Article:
by Thomas Wiencek

It all started with a simple article in Practical Classics, November,1985, called’ “Good-bye DC…Hello AC'” After reading this article and since it was so easy to do, I decided to put an alternator on my Series II Alpine. One of my restoration goals is to make my Sunbeam as reliable as possible. Any parts that can be replaced with modem (easily obtainable) components make any classic a little more enjoyable to drive. Who is going to miss unscheduled rechargings and dead batteries? After four months, many trips to the auto parts store and much reading and researching in the library, it’s finally running. To save others from solving the same problems, I thought I would share my experiences (what else can you call them?). Please note that this installation is for a Series II. There may be some differences for a Series I, II, or IV; but I am sure an alternator can be installed on these autos also. (ed note: T.W’ s. saga relates to all Alpines using factory headers common to series I, II & III.)

So off to the junkyard I went and soon I returned with a used General Motors alternator with an internal regulator. A little bracket adaptation, simple rewiring and in five minutes I would be finished (Rule #l-THERE ARE NO FIVE MINUTE JOBS).

After removing the stock generator and an hour of fitting, I found out that the only way this alternator would fit would be to remove the stock headers or to grind away the front engine mounting plate (Rule #2-IT IS ALWAYS A GOOD IDEA TO MEASURE BEFORE ANY JOB).

Both of these options were unacceptable (anyone need a good, used GM alternator?); so with ruler in hand I measured the space for the generator and started to think (Rule #3-THINK!), I brought with me to my favorite auto parts store an alternator bracket from a Series V (Rule#4-ONL Y MAKE CUSTOM PARTS IF YOU HAVE TO). A good parts person who is willing to help make something work is the best friend a restorer can have (Rule #5-BE EXTREMELY NICE TO AUTO PARTS COUNTER PEOPLE.) The first alternator we measured was for a Series V Alpine. It was too big. Next, we tried a 1971 Plymouth Cricket alternator (this car was a Sunbeam in disguise). It was also too big. A quick trip to the back room, and he returned with a Mitsubishi alternator built by Lucas. It fits ‘ 78-‘ 80 Datsun pickups, ’82- ’84 Mazda B2000’s and ’82- ’84 Ford Couriers. Itwas small and had an internal voltage regulator. The price was steep-$90 rebuilt-but it fit and bolted up to the Series V bracket. The only modification was to tap the outer bolt hole in the alternator to an English thread (5/16 w 24). By relocating the generator belt tension bracket on the water pump, everything bolted up. Now all that was left was the wiring. Series II Alpines are a positive ground system; therefore before cutting any wires your car must be converted to a negative ground system. This has been nicely covered in a previous Tech Tip, so I won’t go into any detail. It is very easy to do. Be sure everything is okay with your generator powered negative ground system before you continue your alternator installation (Rule #6-WHEN FACED WITH THE UNKNOWN. ONLY CHANGE ONE THING AT A TIME.)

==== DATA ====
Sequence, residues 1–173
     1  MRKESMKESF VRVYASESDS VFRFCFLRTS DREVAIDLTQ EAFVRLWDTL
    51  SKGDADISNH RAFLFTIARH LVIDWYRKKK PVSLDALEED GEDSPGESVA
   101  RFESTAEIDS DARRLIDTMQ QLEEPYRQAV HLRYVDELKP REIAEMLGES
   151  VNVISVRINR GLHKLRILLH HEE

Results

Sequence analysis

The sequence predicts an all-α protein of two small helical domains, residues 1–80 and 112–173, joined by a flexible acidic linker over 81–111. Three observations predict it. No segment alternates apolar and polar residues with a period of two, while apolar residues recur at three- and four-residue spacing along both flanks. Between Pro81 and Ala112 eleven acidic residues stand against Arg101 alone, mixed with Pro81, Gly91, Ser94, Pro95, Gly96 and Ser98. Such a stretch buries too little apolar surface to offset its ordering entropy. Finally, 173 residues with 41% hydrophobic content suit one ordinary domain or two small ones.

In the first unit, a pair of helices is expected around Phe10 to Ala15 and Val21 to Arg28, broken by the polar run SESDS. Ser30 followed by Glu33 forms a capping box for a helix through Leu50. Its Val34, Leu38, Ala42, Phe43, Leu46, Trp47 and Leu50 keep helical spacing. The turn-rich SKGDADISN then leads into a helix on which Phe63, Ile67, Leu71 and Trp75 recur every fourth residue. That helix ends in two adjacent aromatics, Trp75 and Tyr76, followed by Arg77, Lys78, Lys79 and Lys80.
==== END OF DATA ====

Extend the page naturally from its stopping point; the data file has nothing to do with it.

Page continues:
Figure 1 is a schematic of the wiring for a Mitsubishi alternator. The alternator has four terminals:

R = sensing wire;

L=load;

B =battery;

G=ground.

The only important note is if your car has no charge indicating lamp, a heavy duty 15 ohm resistor must be wired where the lamp is shown.

Table1
Table I gives the wiring of the stock voltage regulator. It is a GOOD IDEA to label the wires as you remove them one at a time (See rule #6). Do not be too surprised if your wire colors are different. Remember, your car is a Sunbeam and could have been changed over the years. Also, I am a little color blind and could have gotten the colors wrong. Next, remove the voltage regulator, generator and save (Rule #7- NEVER THROW AWAY ANY SUNBEAM PARTS). Then, connect the alternator as given in Table II.

Table II

TerminalColor WireConnects ToFor Alternator
A1Blue BrownIgnition SwitchB
AVioletNon-battery side of AmmeterB
FBrownGeneratorNot Used
DYellowIgnition LightL
Yellow BrownGeneratorNot used
EBlackGroundNot Used

Be sure to keep the wire gauges the same size as the original wiring. I bought a two prong plug that fits the alternator to keep the installation neat but well insulated quick slide wire terminal connectors will do. The only new wire to run is for the “R” terminal or sensing connection. I made the connection at the ignition switch where the wire runs from the ignition light to the ignition switch. Once everything is connected try turning the key on. The ignition light should come on. Tum on the headlights and check if the ammeter is reading okay. If everything works you are almost finished. If not, check your wiring. The last step is to buy a new belt. I found
M7

that a 9.5mm x 938mm belt will work, but it is a very tight fit over the pulley. A
945mm may be a better choice. Just to be on the safe side, I wrapped some high temperature insulation on the first header tube to try and keep some heat away from the alternator. That’s it. Tum the engine on, rev it and if the ignition light goes out, everything is working and your dead battery problems are over.

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